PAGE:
Cape Town - The arrival of eight star-studded Indian Premier League (IPL) teams will provide a major boost to South Africa in these gloomy economic times, according to Sugen Pillay of South African Tourism.
With the country staring a recession in the face, the IPL has brought yet another major international sporting event to these shores and lifted spirits. And it has fitted in perfectly with the strategies of South African Tourism, who have gone on a major marketing drive in India in recent years.
"From a leverage point of view, the IPL coming here is fantastic, especially since it's the Indian market we're dealing with, which is very important to us," Pillay told SuperCricket. "We will be able to showcase our country during the event and India is a very strong growth market for us. For the last five or six years we have concentrated on aggressively marketing ourselves in India. We focus a lot on that country - we have an office in Mumbai which is fully staffed and we have very good relationships with tour operators in India."
While Pillay said estimates on the nett value of the IPL were not yet available, there is little doubt it will be a timely shot in the arm for our wheezing economy.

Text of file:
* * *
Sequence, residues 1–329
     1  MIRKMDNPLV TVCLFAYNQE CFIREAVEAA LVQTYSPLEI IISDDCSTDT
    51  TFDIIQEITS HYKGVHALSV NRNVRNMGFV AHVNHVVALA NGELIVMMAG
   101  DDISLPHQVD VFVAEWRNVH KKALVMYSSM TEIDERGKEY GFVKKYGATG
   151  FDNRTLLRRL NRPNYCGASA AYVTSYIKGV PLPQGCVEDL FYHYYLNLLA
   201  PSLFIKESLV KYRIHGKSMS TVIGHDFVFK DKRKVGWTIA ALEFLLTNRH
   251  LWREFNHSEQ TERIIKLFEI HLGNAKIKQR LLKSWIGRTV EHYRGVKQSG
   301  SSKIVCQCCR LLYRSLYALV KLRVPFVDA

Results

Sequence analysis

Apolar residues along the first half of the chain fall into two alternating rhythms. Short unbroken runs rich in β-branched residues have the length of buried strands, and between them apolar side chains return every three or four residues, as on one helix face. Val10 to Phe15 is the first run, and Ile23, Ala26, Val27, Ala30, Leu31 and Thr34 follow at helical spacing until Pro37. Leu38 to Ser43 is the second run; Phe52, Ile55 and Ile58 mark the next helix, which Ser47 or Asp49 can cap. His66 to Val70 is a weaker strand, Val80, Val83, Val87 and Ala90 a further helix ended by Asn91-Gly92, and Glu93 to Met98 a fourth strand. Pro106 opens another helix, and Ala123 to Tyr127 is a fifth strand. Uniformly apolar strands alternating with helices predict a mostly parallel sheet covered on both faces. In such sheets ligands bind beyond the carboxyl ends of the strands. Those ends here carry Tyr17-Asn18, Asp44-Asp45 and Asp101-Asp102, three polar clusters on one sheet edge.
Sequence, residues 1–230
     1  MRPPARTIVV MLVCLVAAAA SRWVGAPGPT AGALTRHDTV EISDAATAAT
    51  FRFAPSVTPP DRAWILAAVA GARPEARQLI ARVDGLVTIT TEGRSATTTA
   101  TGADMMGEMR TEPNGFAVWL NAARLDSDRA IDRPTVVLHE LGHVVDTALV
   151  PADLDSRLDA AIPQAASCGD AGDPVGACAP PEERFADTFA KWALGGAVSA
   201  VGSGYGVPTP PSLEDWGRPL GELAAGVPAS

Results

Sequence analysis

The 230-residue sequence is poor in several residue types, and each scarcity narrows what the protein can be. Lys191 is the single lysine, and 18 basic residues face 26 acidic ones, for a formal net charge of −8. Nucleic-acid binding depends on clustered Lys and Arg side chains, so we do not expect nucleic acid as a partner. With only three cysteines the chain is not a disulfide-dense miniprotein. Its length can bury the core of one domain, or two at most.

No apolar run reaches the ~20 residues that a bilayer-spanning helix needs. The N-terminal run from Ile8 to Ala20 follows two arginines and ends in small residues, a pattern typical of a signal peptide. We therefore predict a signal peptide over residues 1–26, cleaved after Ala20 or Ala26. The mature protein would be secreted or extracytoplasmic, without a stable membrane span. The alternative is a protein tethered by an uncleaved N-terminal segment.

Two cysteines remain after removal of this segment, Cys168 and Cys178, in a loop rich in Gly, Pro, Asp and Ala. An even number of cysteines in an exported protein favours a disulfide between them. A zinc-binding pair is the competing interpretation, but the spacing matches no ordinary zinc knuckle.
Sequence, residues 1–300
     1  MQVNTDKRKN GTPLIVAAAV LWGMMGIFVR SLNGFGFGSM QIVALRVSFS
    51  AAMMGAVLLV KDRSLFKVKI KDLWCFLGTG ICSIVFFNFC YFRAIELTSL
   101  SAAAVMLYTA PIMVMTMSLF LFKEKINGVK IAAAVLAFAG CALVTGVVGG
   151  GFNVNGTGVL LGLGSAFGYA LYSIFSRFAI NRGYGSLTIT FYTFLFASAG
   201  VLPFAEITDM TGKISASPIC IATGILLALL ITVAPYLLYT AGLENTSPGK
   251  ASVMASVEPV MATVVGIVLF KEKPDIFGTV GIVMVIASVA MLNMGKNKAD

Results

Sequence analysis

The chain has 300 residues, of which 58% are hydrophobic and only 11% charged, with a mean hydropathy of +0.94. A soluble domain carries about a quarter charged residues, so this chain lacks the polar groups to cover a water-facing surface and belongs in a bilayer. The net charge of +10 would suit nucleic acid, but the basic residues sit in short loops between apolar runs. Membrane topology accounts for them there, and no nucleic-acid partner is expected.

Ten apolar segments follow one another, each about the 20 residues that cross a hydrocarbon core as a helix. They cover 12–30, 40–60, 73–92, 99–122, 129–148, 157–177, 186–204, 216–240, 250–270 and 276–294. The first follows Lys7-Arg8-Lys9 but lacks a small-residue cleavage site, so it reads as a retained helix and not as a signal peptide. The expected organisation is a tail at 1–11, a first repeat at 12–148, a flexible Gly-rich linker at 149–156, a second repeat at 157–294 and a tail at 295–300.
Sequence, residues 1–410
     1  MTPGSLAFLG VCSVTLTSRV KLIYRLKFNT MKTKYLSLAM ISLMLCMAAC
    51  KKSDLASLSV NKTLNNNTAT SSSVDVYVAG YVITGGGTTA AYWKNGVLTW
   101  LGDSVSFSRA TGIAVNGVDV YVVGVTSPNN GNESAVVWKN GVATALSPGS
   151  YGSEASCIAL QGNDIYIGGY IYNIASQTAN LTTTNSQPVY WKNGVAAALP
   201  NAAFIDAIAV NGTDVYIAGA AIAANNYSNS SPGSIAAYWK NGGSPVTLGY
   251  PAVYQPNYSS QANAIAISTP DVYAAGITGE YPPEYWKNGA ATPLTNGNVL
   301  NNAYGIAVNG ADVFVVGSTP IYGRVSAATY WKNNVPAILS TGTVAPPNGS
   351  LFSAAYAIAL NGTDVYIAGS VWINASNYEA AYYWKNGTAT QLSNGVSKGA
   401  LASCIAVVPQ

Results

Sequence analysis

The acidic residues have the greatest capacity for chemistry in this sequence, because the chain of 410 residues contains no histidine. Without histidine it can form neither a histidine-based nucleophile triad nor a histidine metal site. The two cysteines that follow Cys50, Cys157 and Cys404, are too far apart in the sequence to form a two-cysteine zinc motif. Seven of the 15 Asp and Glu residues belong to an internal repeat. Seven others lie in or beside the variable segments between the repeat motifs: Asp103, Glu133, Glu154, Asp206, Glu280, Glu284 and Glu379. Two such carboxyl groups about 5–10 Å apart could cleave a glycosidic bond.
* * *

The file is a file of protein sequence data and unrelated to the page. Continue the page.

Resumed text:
"We think the tournament will be really good for the country in terms of direct investment. You have all the sponsors and staff and 50 to 60 people per team coming over, so that's more than a thousand people directly involved with the cricket. With spectators coming over too, we're looking at probably around 5000 people coming over for six weeks and obviously that sort of spending power will add value. You can see already in Durban alone all the hotels are totally booked out and we believe it will be similar in Cape Town and Johannesburg.
"It's an added bonus for the hotels at a time when they're not that busy, it helps with their seasonality. And you can be sure the hospitality industry will benefit too," Pillay said.
IPL organisers have had to put additional tickets on sale for the opening weekend of matches in Cape Town on April 18 and 19 as South Africans show similar delight for the twenty20 format as when the country made a marvellous success out of the ICC World Twenty20 in 2007.
"There will be fewer people coming out for the IPL than for the British Lions rugby tour, but it will still be a telling figure. In 2007, when we staged the T20 world cup, 5000 people came for two weeks," Pillay said.
And, having once again proven itself a top-class venue for international tournaments on that occasion, South Africa can expect another feather in their cap and a windfall for the economy after the IPL.